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Category: At The Checkout

The customer has seemed normal and maybe even intelligent throughout the shopping purchase. But then they get to the checkout and as soon as human interaction is required it all falls apart. The checkout operators really are our first line of defense against the stupid customer!

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Would Have Been Prudent To Look That Up Before Asking

| Washington, DC, USA | At The Checkout, Funny Names, Language & Words

(The customer in front of me is paying for her groceries and notices the cashier’s name tag.)

Customer: “Oh, ‘Prudence,’ what a lovely name!”

Cashier: “Thank you, ma’am.”

Customer: “What does it mean?”

Cashier: “It means ‘wisdom’ or ‘good judgment.’”

Customer: “Wonderful! And what language is it?”

Cashier: “Umm… English.”

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Knows Zip About Phone Numbers

| NY, USA | At The Checkout, Technology

(This happens once per week: We have a store discount that customers can activate by entering a phone number into the card reader while their purchase is being rung up. The machine’s screen clearly reads ‘ENTER PHONE NUMBER ###-###-####’ right above the keyboard. I’m serving an older woman at my register and see her enter a couple numbers into the machine. It then loudly beeps, letting me know that something went wrong.)

Customer: “Did it go through?”

Me: “Sorry, but it looks like you forgot to put your area code in first. You can try it again now.”

(She again enters only seven digits, rather than the full phone number of ten digits, and the machine again beeps.)

Me: “Ma’am, please make sure that you’re entering your full phone number in. The area code needs to go first.”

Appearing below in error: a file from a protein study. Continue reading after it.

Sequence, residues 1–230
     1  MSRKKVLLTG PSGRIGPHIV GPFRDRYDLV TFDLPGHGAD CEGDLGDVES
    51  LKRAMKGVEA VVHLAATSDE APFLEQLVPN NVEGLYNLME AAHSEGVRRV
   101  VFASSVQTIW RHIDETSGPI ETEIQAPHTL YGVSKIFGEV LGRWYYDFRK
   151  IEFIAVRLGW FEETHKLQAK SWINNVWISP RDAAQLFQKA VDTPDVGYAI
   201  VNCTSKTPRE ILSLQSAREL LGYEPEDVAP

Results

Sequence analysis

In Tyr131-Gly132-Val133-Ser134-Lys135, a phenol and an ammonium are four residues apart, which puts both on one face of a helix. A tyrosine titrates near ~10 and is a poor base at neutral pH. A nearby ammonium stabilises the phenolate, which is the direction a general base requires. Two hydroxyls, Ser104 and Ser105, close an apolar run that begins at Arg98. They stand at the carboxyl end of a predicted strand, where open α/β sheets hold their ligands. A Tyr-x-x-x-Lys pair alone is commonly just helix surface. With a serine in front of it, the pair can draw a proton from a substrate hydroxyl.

Customer: “Oh, okay!”

(I watch her and see that, this time, she enters her zip code into the machine instead. It again beeps when she tries to submit it.)

Customer: “So did it go through now?”

Me: “No, I’m sorry; it looks like you tried to enter your zip code. What you need to type in is your phone number. Just make sure that you add the area code first.”

Customer: “The area code?”

Me: “Yes, ma’am, enter the area code and then the rest of your phone number. If you live around here, the area code is ‘555,’ so just type that in first.”

(She again enters in her zip code.)

Me: “No, I’m sorry, the machine needs your phone number.”

Customer: “But you said area code!”

(This goes back and forth even longer. I’m unfortunately not allowed to enter a customer’s information into the system for them, so we’re stuck in this loop until the customer finally gives up and allows me to skip past the discount option. As she’s leaving, the customer loudly mutters:)

Customer: “Ugh, this is why I don’t bother with computers. They never work right.”

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Coupoff

| Pittsburgh PA, USA | At The Checkout, Liars & Scammers

(While waiting to clock in, I notice a warning to employees about a fraudulent coupon that people have been trying to use. It says $70 off anything in the store which is frankly ridiculous and I comment something to my other coworkers.)